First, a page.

Every so often, we need a new “crisis” to overreact to, and waste human and financial capital on misguided remedies. The opioid epidemic is a poster child for scapegoating and misdirected efforts.
First, here is the pure fantasy you hear from the mainstream media and politicians:
“We have an epidemic of opioid addiction. The main culprits are pharmaceutical companies that made increasingly powerful pain relievers with no regard to addiction potential, all for the sake of increasing corporate profit. They worked hand-in-hand to prescribers to sell these drugs. The health care providers were not aware of the addictive potential of narcotics, and overprescribed them. As a consequence, these partners have created a huge population of addicts in our country. Once hooked on opioids, when the addicts can obtain no more prescriptions, they turn to even more dangerous drugs like heroin. Overdosage and death are the tragic result occurring more and more frequently.”
Now, here is the real story, based on facts and not demagoguery:
From the time we started studying the pharmacology of pain relievers, we providers learned about the addictive dangers of narcotic and non-narcotic drugs. If that were not enough, we are plagued throughout our professional careers by addicted patients trying every ploy imaginable to get pain reliever and tranquilizer prescriptions from us. The last thing in the world we need is a yearly government-mandated course warning us of the addictive potential of opium derivatives!
When I graduated with my doctorate in 1980, the strongest oral pain reliever was a narcotic named Meperidine. Knowing how addictive it could be, we rarely prescribed it. Nearly 40 years later, it and morphine are still probably the strongest pain killers on the market. There are second-tier non-narcotic alternatives like Toradol, but they don’t work for everybody. Some patients cannot take them. Many surgeries are so traumatic that narcotics are warranted for pain relief, at least for a short time. I had an open reduction of a fractured leg many years ago. Despite having a very high pain tolerance, I was so grateful to be dosed with opioid drugs. They really helped relieve my severe post-op pain!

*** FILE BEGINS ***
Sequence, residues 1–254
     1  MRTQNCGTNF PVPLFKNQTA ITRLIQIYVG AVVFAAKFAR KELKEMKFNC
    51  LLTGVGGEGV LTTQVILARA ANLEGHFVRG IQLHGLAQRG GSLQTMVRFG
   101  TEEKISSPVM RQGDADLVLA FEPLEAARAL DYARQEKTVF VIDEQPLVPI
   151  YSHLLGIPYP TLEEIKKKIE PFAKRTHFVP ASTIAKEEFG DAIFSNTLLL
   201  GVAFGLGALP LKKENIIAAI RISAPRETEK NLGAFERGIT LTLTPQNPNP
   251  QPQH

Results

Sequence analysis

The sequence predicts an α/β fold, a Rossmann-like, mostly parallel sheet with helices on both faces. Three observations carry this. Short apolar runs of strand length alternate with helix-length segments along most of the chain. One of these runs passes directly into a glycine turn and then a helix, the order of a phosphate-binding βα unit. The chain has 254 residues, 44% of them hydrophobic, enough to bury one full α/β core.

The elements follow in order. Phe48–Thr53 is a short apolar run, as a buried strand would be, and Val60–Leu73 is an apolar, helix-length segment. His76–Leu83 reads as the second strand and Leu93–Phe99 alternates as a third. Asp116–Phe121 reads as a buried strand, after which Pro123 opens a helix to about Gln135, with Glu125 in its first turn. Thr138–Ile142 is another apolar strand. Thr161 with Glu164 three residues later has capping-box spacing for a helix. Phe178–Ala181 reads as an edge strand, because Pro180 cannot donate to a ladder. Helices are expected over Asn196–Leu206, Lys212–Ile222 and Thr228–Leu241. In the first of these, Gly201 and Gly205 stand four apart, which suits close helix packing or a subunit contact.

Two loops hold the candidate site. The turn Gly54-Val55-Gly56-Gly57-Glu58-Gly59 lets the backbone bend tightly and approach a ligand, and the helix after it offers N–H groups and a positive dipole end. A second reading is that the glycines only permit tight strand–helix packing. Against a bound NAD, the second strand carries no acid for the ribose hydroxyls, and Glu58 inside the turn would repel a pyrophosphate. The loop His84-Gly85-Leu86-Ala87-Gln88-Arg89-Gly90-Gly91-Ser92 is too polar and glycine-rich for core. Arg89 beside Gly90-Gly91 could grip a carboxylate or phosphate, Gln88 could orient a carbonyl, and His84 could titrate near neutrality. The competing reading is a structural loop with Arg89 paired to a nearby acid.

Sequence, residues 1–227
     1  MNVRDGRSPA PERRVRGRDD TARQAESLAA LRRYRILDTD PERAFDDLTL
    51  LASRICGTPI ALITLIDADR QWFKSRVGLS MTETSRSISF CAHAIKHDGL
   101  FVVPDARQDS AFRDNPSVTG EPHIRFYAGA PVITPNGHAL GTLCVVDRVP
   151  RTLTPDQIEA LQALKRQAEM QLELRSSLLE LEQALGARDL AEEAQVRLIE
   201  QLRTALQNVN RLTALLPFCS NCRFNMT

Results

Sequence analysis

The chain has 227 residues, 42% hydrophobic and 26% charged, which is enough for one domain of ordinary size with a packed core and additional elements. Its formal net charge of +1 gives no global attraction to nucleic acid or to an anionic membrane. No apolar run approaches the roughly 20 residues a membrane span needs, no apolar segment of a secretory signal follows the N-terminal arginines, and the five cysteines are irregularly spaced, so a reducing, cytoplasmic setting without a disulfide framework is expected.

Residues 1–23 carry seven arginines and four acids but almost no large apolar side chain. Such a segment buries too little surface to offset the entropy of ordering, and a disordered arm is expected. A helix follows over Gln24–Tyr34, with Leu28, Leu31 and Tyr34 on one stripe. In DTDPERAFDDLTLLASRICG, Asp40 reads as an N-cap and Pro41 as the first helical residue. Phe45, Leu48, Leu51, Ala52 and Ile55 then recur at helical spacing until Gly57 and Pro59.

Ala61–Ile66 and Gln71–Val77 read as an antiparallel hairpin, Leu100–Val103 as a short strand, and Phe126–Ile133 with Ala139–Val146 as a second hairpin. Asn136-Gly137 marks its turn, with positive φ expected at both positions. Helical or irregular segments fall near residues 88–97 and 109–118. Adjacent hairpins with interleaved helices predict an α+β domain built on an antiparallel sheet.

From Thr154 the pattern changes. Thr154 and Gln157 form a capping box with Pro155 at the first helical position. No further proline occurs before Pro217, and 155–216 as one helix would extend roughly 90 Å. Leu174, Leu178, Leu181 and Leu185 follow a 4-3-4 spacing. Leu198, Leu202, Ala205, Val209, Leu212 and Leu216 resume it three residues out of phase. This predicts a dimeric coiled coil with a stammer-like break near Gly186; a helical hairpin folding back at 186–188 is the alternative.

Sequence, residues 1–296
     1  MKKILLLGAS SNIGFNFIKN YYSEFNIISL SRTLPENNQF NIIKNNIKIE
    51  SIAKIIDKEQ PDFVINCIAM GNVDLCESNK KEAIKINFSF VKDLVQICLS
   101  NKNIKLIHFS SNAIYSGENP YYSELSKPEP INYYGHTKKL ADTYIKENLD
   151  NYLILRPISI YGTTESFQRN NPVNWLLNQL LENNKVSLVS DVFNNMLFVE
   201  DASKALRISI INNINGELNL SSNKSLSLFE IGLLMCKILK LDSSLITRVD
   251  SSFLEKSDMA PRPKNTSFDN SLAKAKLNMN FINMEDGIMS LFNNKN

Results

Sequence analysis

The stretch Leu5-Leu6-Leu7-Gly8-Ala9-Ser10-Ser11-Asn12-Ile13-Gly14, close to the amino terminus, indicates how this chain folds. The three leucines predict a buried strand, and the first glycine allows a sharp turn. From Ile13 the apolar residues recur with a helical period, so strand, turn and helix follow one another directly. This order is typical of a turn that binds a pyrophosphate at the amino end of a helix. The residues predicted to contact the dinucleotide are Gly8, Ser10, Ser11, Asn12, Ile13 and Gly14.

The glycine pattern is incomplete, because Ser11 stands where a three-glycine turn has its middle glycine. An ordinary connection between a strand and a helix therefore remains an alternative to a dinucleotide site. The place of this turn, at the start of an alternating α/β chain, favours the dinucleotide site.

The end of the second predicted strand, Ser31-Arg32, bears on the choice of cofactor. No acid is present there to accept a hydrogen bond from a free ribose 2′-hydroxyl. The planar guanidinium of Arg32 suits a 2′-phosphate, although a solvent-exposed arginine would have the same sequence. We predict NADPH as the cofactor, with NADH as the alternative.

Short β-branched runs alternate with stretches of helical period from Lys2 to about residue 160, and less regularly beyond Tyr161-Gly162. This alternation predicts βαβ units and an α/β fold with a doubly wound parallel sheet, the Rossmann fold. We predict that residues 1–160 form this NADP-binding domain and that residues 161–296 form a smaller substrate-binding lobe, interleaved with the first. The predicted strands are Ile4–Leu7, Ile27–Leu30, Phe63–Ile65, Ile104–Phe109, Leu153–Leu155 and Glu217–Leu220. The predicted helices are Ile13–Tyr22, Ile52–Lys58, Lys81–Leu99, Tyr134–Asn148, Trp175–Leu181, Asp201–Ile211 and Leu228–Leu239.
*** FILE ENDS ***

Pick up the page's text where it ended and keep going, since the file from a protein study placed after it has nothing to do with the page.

Longer term pain management is a problem. What do you do for a terminal cancer patient in excruciating pain? Administering a narcotic, and having the effect wane after three or four hours is a bother. So timed-release Oxycodone was invented, trade name Oxycontin. The effectiveness of this compound was 12 hours, requiring less frequent dosing. Of course its maker promoted its drug to providers. Every pharmaceutical company advertises each new drug it spends money formulating, in order to make prescribers aware of the drug’s availability and potential uses!
No matter what drug is concocted, addicts can find a way to abuse it. So it was with Oxycontin. Addicts discovered they could crush the tablets and get one gigantic opioid rush over a short time. Was that the drug company’s fault?
Oxycontin’s maker, Perdue Pharmaceuticals, was not responsible for our opioid epidemic, and neither are any other narcotic manufacturers. Most prescribing doctors have not been irresponsible or negligent in prescribing them for appropriate uses.
So who are the real villains of the opioid epidemic that no news reporters or politicians want to talk about?
They might surprise you!
Something you may not have heard on the news is most opioid death and near-deaths are not caused by Hydrocodone and Oxycodone prescriptions filled at local drug stores. They are by Fentanyl-laced narcotics sold on the street by Mexican drug cartels and illegal Chinese online labs shipping by US mail!